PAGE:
The DR is ranked 98th among 137 countries evaluated for their competitiveness, as part of the World Economic Forum Global Competitiveness Index. The country more or less maintains its position from last year, as while it dropped two points in its ranking, this year three more countries were added. Only Ecuador, Venezuela, Nicaragua and Bolivia fared worse than the DR in Latin America. The DR is ranked 47th among 134 nations assessed for the time it takes to open a new business, after procedures were simplified last year. In 2007, the DR was ranked 109th in that category.
Listin Diario reports that in comparison to its fellow DR-CAFTA signatory countries, the DR only ranked as more competitive than Nicaragua.

Supreme Court orders investigation
Supreme Court president Jorge Subero Isa has ordered an investigation into claims of strong ties between state prosecutors, judges and drug traffickers in La Vega province put forward by La Vega Senator Euclides Sanchez. Sanchez agrees with Peravia senator Wilton Guerrero's claim of government complicity with drug dealers. Senator Sanchez complained that drug dealers were treated leniently by the judiciary and presented various cases to prove his point. He said that drug dealers who are arrested with several kilos of cocaine, for instance, only need to pay a fine or post bail for their release, as reported in Hoy.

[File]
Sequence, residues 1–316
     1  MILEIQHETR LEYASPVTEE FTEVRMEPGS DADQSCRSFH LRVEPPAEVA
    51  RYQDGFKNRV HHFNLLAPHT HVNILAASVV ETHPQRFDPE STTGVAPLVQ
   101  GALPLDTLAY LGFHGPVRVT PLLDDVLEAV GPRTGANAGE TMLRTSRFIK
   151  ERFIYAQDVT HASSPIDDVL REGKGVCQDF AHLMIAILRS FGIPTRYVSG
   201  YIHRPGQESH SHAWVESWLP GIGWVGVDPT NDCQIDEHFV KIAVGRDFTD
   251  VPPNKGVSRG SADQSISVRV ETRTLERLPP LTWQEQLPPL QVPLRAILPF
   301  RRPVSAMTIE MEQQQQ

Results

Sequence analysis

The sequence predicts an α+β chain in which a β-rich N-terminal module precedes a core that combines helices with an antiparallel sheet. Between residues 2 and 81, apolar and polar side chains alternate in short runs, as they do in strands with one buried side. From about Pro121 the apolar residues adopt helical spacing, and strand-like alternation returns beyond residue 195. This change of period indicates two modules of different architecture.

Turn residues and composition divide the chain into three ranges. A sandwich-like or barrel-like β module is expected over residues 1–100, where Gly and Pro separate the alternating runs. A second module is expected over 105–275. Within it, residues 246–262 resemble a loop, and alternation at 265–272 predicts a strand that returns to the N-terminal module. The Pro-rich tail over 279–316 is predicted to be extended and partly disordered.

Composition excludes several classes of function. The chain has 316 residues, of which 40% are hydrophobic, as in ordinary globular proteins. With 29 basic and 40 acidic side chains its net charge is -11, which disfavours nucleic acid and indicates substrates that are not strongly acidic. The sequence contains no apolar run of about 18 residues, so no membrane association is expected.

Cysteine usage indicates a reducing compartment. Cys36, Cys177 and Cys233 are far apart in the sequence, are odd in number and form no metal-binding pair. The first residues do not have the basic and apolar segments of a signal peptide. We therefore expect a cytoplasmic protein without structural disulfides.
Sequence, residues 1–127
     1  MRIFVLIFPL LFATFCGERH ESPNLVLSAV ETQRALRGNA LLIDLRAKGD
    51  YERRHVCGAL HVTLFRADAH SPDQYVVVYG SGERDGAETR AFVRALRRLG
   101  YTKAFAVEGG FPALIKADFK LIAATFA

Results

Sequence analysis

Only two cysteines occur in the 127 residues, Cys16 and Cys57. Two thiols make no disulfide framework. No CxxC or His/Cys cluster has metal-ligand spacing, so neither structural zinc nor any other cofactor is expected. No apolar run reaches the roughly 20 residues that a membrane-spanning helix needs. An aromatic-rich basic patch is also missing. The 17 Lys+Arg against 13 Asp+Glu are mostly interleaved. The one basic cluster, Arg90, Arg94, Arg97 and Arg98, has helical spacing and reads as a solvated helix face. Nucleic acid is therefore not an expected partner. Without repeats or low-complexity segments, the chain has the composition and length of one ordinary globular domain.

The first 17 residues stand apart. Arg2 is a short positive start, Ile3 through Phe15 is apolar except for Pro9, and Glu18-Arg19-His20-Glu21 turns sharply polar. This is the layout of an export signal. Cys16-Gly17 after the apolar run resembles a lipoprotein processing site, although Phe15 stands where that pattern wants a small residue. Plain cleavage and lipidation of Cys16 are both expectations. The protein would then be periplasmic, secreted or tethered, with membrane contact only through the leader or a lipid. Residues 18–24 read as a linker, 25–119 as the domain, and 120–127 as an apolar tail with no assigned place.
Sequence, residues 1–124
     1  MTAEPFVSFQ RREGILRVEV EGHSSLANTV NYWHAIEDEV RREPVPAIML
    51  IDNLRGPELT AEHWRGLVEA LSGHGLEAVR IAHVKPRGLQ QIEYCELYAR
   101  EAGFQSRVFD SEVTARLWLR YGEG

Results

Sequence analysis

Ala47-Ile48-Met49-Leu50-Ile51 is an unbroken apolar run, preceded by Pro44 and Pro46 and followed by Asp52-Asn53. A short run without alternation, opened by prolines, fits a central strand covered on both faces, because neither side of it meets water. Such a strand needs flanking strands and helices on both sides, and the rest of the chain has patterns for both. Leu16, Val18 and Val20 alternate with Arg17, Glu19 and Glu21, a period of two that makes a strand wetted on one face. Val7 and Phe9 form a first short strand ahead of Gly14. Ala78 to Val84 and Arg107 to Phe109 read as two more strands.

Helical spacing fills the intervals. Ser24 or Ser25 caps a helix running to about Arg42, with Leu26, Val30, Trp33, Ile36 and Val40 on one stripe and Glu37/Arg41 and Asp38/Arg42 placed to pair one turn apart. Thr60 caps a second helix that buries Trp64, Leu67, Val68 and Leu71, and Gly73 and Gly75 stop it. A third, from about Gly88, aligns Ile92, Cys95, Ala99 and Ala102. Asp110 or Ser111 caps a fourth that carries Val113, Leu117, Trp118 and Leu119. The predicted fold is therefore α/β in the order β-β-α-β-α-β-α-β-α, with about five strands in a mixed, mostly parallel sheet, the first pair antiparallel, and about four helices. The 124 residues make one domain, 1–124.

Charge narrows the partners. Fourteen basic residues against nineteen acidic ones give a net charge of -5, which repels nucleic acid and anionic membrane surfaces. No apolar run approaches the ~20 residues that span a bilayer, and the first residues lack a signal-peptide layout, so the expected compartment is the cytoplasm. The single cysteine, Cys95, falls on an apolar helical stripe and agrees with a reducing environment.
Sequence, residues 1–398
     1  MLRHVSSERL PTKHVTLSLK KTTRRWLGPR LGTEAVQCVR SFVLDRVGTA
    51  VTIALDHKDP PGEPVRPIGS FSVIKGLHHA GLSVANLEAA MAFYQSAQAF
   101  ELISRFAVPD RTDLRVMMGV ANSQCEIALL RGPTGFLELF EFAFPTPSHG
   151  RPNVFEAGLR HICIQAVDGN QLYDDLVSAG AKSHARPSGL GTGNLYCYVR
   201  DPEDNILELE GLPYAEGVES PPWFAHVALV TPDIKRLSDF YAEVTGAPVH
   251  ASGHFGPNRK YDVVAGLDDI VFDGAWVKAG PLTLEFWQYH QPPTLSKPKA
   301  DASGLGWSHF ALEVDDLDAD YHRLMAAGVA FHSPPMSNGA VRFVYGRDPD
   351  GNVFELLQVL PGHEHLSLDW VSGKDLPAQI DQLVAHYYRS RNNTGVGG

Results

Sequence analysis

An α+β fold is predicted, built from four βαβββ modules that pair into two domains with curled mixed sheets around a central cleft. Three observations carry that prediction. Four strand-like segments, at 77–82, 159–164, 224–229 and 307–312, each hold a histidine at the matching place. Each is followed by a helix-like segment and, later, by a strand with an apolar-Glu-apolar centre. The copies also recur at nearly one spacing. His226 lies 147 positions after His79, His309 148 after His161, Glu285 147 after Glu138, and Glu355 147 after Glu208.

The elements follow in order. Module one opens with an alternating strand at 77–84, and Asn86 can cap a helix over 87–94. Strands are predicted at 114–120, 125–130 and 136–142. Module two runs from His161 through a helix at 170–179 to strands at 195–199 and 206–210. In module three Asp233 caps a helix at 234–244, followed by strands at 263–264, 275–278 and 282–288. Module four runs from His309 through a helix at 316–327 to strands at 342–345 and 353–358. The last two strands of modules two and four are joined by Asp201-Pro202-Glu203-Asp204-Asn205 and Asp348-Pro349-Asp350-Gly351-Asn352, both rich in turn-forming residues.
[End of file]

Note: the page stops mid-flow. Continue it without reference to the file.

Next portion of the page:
No pay; no power
In an attempt to motivate citizens to pay their electricity bills, the State-run Electric Companies (CDEEE) admits that energy distributors are resorting to turning off entire power circuits. The CDEEE denies that outages are due to problems in the system. CDEEE vice president Radhames Segura says that only 22 of the country's 530 circuits were out of operation yesterday and that service has improved substantially. He said that coverage was 85%, with a 1,605-megawatt demand, and supply of 1,443 megawatts of 86.93%.

14,000 more hotel rooms
Tourism Minister Francisco Javier Garcia announced that last week the Council for the Promotion of Tourism Investments (Confotur) approved 24 new hotel and residential tourism developments nationwide. He said this was a RD$3.4 billion investment to build capacity for 14,000 new hotel rooms. He said there has been an injection of fresh funds that were previously invested in the US financial system and are now coming here to purchase properties in real estate developments. He is in favor of the government investing in major infrastructure works in the tourism development areas. "We cannot allow there to be a single hole in any road or highway used by tourists," he said, as reported in Hoy.

Border highway vs. Cibao highway
The president of the National Border Council Radhames Batista has spoken out against the construction of the Cibao-Sur highway that would cut through the Central Cordillera. He said this would affect three protected national parks and 15 river sources. He said that it would have a catastrophic effect on the environment. Radhames Batista says that instead of building the Cibao-Sur, the Monte Cristi-Pedernales highway was needed to benefit the large impoverished population that lives along the border.